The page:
Impact: By providing current and potential customers with the information they needed to move forward, we increased the sales conversion rate by 30%.
5) Create your future
Stories are not only informative but also inspirational. They provide us with direction and insight into our future.
Story: As Factor 75 existed to help their customers thrive – to live life to its fullest and most enjoyable state – they realized they needed their service to do the same. They switched from an individual one-off ordering system to a subscription meal plan, which removed the hassle of remembering to order by certain times. They made the lives of their customers simpler and more enjoyable with one quick step.
Impact: The shift in Factor 75’s business model from individual dishes to a subscription meal plan allowed the team more touch points with their customers - and thus more opportunities to learn how it would impact both their service and their bottom line. The team instituted an hour a week of calls to their customers to let them personally know about their new meal plan and ask if they would stay with them. In the course of a month, they had loyal customers for life and had reached half of their quarterly sales goal.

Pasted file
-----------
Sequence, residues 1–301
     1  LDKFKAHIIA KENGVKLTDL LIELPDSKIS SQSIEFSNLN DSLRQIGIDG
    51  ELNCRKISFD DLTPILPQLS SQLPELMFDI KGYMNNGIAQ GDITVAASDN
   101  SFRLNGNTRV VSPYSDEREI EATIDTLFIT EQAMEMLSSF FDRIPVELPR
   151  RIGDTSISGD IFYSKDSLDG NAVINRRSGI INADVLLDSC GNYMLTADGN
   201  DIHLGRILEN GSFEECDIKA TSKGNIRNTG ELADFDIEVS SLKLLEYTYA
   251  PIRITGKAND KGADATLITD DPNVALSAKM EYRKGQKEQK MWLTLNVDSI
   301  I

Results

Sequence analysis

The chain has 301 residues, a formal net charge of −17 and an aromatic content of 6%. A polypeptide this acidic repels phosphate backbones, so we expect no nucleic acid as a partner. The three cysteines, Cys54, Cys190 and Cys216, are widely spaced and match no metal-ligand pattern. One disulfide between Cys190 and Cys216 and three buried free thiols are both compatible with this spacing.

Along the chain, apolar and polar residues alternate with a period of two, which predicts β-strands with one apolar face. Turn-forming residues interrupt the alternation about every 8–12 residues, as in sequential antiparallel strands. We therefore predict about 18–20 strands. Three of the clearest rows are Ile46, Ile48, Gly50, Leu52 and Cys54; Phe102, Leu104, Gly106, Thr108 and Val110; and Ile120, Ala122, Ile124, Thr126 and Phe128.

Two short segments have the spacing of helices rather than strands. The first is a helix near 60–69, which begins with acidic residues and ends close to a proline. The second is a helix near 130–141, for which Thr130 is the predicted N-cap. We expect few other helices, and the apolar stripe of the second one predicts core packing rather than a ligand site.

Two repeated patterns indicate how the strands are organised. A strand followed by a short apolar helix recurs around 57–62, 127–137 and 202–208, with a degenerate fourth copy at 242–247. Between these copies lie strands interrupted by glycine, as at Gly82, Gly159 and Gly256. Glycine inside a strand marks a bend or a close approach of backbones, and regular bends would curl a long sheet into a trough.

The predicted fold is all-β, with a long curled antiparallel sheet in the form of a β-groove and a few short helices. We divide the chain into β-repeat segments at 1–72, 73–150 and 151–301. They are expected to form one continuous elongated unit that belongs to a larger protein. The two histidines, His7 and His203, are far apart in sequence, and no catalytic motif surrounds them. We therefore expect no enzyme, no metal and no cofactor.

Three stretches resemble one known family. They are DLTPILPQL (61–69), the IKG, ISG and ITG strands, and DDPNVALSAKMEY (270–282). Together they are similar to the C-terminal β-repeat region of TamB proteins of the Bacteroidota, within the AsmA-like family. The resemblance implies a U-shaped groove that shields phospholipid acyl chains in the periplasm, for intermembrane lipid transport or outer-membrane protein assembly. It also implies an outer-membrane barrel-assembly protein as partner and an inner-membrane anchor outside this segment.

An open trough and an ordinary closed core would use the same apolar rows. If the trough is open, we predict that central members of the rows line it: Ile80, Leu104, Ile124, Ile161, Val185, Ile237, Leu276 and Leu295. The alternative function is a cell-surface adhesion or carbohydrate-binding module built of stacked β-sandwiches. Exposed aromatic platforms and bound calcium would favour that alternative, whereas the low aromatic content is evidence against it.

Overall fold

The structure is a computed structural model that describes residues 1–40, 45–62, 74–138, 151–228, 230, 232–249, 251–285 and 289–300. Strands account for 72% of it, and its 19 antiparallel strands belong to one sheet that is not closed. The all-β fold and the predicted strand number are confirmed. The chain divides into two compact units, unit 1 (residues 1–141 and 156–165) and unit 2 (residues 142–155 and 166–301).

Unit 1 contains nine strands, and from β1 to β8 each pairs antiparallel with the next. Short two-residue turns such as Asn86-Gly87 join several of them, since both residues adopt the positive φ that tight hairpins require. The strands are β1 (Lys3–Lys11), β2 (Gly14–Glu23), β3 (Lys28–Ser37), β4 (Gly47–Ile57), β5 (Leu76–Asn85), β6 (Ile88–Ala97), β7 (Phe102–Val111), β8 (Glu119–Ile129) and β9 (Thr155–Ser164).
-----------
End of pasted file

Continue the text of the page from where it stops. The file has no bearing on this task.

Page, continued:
When you tell stories, you become both part of and apart from them in a wonderful way. By shifting between these different perspectives, you can truly live your story and let it change you in an organic, natural way that drives meaningful business results and empowers authentic growth.
- Founder’s Story